Gender Wars


It is my son's fifth birthday party this Saturday, so I took him to the bakery to pick a cake.

"What decoration would you like?" I asked. "Last year you had the trains and the year before you had the dinosaurs. What would you like this year?"
"Princesses!" he shouted excitedly.
"Huh...really?"
"Yes!" he confirmed with unwavering enthusiasm and then added: "Can it be pink?"

 I ordered a chocolate cake with pink icing and princesses on top.

While he likes to wrestle with his Dad, wear Batman and Superman shirts, and go to jiu-jitsu, he also loves Elsa, Astrid and purple sunglasses with flowers.

I have a daughter, too. She will turn two in a week. This birthday party is a joint one, as a matter of fact, even though she's being left out of making any major decisions, mostly due to the fact that she is...well, not even two.

I am well aware of the disadvantages that women face comparing to men. Worldwide, women don't have equal access to education and jobs, their pay is lower, they are more often victims of human trafficking, they suffer physical and sexual abuse more often - the list goes on. And I am more than happy to see the effort behind empowering the girls.

I want my girl to be strong, confident, happy and able to do whatever she chooses to do with her own life. I want her to be in charge of whether she wants to be a CEO, artist, professional boxer, gardener, mathematician or a stay at home mom. Or a combination of those. And even though marketing for girls is still all about pink, purple, glittery and sexy, when she puts on a firefighter outfit or plays with a garbage truck, she gets encouragement that comes more naturally than the one for my son's pink princess cake.

I am glad that the tide is turning for the girls and women to finally be acknowledged for what they have been all along - strong, smart, innovative, capable and fearless. But at the same time, I would like us to acknowledge the boys for what they have been all along - sensitive, empathetic, caring, imaginative and gentle.

Even though we all experience a range of emotions - shyness, anger, sadness, geniality, tenderness, passion, hatred, tranquility - we still teach our kids to react with the one that according to our society belongs in their box.

Nobel laureate and scientist Tim Hunt was criticized after saying that the problem with women in laboratories is that they "fall in love with you and when you criticize them, they cry." The uproar about this comment made him resign from his position at the University College London. But the backlash was focused on arguing whether women truly cry more, and whether their personal feelings get in the way of professional achievements.

My question is - what is wrong with crying? Yes - women do cry more. So what? Men are more aggressive and violent, yet we focus on tears as the sign of a failure. Why?

Why is it that we encourage our girls and women to be stronger, braver, and - to put it in a simplistic term - more manly, but fail to encourage our boys and men to be softer, gentler, and - to put it in a simplistic term - more womanly?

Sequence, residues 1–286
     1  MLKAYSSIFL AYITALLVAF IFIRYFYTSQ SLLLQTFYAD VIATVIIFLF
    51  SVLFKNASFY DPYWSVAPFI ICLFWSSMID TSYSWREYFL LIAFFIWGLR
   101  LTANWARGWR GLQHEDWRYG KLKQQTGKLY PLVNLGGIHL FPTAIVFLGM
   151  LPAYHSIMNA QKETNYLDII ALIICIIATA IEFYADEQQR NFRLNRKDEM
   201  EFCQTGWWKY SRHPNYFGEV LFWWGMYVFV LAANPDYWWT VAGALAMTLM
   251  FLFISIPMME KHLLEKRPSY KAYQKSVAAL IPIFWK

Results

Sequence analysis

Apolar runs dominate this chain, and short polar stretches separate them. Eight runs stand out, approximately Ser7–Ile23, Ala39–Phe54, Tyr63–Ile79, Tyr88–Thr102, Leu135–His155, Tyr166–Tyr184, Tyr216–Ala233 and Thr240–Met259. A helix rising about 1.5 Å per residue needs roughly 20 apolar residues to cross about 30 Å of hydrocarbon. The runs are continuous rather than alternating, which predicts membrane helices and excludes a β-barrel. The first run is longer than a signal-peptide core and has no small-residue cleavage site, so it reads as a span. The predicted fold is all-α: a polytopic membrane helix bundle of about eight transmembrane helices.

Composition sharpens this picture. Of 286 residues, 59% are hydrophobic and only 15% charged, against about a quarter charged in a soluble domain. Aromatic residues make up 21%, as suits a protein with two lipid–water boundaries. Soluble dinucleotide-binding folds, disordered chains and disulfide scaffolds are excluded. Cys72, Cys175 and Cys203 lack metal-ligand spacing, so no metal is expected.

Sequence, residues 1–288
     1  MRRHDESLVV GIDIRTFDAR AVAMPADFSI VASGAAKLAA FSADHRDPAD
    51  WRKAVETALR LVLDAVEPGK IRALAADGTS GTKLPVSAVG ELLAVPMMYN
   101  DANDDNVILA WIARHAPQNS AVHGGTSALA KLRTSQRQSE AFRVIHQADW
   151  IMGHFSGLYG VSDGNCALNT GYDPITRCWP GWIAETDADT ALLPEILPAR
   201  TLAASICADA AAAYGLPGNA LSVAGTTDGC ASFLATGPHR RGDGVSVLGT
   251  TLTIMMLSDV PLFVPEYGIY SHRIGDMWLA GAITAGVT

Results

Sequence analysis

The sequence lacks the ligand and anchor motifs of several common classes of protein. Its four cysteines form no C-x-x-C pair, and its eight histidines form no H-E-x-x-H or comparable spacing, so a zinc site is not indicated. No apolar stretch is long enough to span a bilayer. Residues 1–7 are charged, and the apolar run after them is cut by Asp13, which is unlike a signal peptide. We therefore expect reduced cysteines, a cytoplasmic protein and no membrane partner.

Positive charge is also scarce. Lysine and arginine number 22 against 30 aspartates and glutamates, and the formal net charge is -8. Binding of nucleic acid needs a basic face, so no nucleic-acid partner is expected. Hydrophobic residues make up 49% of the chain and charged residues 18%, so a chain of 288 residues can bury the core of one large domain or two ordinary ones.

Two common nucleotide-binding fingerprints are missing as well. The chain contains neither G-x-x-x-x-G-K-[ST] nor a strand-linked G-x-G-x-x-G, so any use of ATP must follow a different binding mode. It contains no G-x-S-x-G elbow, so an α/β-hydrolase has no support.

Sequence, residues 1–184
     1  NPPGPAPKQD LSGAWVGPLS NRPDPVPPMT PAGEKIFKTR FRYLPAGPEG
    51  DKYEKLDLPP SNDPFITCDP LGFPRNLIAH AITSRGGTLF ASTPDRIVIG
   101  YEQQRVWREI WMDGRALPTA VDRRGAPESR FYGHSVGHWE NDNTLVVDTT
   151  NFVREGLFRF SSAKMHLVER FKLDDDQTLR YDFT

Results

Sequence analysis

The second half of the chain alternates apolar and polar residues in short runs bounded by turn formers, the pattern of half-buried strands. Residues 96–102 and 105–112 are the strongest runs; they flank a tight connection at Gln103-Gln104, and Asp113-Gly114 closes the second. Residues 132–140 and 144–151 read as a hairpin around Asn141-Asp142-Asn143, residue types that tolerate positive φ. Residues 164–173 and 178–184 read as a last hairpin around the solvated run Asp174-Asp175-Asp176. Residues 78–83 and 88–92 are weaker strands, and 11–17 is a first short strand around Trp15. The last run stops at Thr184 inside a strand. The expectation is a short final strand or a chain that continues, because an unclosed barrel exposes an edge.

The answer is probably because we still perceive the feminine as a failure, and so if women want to be equal to men, then they'd better play by their rules, instead of embracing the wholeness of the human nature and celebrating all of the qualities across the spectrum.

Do we need strength? Yes. Do we need gentleness? Yes. Do we need logic? Yes. Do we need love? Yes, yes, yes. Does it matter in which package each comes? Why?

A girl can wear make-up and be a car mechanic. A boy can be a policeman and cry. A girl can be an astronaut and like wearing high heels, unless she is playing soccer, which happens to be her other passion. A boy can be a tattoo artist and his favorite movie can still be Love Actually. 

Instead we insist for girls to be Barbies and for boys to be Hulks.

My son, like most kids, went through an obsession with Frozen. But when we went to the store to buy him a T-shirt with Elsa, they only came with pink flowers, glitter and puffy sleeves. Olaf and Sven came on T-shirts for the boys. Why can't a boy have a female character as his hero? 

I am optimistic about my daughter's future. I know she has battles to fight that my son will never have to, but I see the change in the world happening and I know her path will be easier than the path of our Grandmothers. At this very moment, it's my son's future that bothers me. I don't want him to be molded into the "boys don't cry" form. I don't want this, because it will impact not only his life, but my daughter's one as well.

We can't empower the girls unless we teach the boys that feminine is not a flaw. Feminine and masculine are equally important to embrace, whether you are a woman or a man. Tears are not a failure and pink cakes with princesses are just as delicious as the ones with dragons.


4 comments:

  1. Thank you for this post. After 2 girls we are expecting a boy, and this is quite exactly what I fear most about having a boy. It's (quite) easy to support girls in persuing all their dreams but for boys it's a lot harder if they favor more "feminine" things.

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  2. Courageous, honest post. Thank you.

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  3. Courageous, honest post. Thank you.

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  4. Courageous, honest post. Thank you.

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